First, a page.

The Shaking Of The Nations: An Eschatological View -- By: John A. Kessler

Journal: Journal of the Evangelical Theological Society
Volume: JETS 30:2 (Jun 1987)
Article: The Shaking Of The Nations: An Eschatological View
Author: John A. Kessler

The Shaking Of The Nations:
An Eschatological View

John A. Kessler*

Haggai’s oracle concerning “the shaking of the nations” (Hag 2:7) has attracted the interest of exegetes throughout the centuries. It is widely held that his words refer to political convulsions and upheavals within or between the Gentile nations. The older, more traditional interpretation viewed the phrase in its primary sense as a prediction of the imminent breakup of the Persian empire and secondarily as having reference to the demise of the successive world empires in the Near East, culminating in the establishment of the messianic kingdom.1

More recently it has been maintained that the oracles of Hag 2:6–9, 20–23 are closely linked to the political events of 522-520 B.C. It is assumed that the “orgy of revolt”2 that broke out following the accession of Darius I provided Haggai with the assurance that the Persian empire was about to crumble and the glorious new age to begin.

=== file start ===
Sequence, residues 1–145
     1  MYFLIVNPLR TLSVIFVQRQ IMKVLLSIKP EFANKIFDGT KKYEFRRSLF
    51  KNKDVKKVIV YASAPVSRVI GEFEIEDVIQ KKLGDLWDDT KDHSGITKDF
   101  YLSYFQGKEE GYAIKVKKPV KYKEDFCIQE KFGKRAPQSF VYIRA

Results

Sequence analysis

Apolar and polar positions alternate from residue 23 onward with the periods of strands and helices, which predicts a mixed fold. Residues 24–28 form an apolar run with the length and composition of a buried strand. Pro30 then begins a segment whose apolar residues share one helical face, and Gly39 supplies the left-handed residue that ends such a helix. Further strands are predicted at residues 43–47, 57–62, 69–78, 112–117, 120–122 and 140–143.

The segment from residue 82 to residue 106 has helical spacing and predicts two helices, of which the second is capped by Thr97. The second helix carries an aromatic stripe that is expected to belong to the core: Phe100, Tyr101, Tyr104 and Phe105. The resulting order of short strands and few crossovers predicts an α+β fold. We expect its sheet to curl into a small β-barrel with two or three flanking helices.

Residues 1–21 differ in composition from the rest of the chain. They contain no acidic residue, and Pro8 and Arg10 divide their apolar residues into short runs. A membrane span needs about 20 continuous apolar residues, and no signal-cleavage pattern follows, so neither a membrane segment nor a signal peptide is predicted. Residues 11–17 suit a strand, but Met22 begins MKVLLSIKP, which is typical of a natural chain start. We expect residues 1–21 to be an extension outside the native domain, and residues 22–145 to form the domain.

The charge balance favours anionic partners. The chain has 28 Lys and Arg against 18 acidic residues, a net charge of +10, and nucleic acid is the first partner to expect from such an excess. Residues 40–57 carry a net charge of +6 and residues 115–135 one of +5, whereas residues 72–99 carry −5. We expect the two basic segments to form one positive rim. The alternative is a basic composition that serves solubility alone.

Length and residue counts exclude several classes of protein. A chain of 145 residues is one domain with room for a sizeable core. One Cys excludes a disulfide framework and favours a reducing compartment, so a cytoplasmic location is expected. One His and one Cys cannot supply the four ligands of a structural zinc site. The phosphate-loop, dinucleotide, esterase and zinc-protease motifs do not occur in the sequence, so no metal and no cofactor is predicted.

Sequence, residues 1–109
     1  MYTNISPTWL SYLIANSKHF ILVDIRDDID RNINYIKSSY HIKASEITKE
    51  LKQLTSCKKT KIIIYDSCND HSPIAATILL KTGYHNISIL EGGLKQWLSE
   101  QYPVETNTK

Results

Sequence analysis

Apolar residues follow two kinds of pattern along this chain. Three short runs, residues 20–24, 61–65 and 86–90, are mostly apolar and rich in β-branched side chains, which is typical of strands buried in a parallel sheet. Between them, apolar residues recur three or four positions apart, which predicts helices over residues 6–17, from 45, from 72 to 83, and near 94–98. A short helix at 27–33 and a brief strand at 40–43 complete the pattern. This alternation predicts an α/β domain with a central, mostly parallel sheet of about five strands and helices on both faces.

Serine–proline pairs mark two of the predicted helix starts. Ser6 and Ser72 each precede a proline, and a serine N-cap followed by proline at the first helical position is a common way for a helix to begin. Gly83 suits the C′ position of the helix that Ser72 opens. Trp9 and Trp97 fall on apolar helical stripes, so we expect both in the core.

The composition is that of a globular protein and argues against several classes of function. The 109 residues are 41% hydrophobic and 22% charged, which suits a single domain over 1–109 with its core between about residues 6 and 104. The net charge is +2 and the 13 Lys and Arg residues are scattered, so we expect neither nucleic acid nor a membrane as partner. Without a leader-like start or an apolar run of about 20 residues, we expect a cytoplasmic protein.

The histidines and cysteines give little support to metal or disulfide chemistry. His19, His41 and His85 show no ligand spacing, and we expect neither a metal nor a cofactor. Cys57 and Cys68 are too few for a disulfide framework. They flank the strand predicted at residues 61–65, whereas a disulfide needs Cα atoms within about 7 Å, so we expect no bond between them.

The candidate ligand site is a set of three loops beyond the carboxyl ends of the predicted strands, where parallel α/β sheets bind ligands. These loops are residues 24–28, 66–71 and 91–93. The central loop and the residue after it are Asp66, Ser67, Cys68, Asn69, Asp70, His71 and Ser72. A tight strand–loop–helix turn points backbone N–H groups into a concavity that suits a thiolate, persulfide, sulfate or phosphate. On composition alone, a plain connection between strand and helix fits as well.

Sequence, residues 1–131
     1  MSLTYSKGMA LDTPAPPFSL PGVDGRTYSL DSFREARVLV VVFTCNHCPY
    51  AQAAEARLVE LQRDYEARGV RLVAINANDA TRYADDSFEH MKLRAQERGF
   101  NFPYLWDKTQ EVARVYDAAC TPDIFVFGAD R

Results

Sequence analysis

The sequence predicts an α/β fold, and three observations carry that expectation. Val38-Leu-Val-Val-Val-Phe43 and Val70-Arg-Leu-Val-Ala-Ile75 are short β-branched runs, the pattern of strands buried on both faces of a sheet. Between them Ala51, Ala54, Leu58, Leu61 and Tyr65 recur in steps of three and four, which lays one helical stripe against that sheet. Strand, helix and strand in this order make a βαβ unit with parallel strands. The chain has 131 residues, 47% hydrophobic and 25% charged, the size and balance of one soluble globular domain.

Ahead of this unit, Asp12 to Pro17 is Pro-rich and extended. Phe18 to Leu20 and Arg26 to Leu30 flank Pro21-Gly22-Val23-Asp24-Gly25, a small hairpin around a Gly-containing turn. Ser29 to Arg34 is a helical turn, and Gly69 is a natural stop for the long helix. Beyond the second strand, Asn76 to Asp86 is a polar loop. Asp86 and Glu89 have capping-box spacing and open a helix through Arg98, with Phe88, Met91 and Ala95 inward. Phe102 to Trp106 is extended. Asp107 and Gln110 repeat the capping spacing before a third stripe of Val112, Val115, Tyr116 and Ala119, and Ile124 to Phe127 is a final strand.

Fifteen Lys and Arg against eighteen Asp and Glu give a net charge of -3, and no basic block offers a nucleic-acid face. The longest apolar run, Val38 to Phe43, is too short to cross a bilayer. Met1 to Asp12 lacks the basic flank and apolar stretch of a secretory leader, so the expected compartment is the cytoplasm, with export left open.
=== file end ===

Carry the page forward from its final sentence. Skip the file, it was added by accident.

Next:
The present essay maintains that both of these approaches are inadequate. Rather, Haggai’s words must be understood in light of the eschatological motifs upon which they draw. This study will therefore seek to demonstrate that “the shaking of the nations” is in fact the nations’ subjective response of incapacitating fear to Yahweh’s eschatological intervention. In Haggai’s scenario the ominous celestial and terrestrial portents and judgments that accompany the day of Yahweh will so terrify the nations that in panic and terror they will destroy each other’s armies and be reduced to impotence. Four considerations converge to buttress this conclusion.

I. Historical Evidence

Most commentators date Haggai’s prophecy in 520 B.C. (the second year of Darius, 1:1).3 According to P. R. Ackroyd, the rebellion of Nebuchadnezzar III

*John Kessler is associate professor of Old Testament at Ontario Bible College in Canada.

commenced about October 3, 522, and was crushed December 18 of the same year.4 The rebellion of Nebuchadnezzar IV then began about September 9, 521, and was subdued November 27,521. Thus “the re-acceptance of Darius I after the defeat of Nebuchadnezzar IV can be demonstrated from December 521 and January 520.”...

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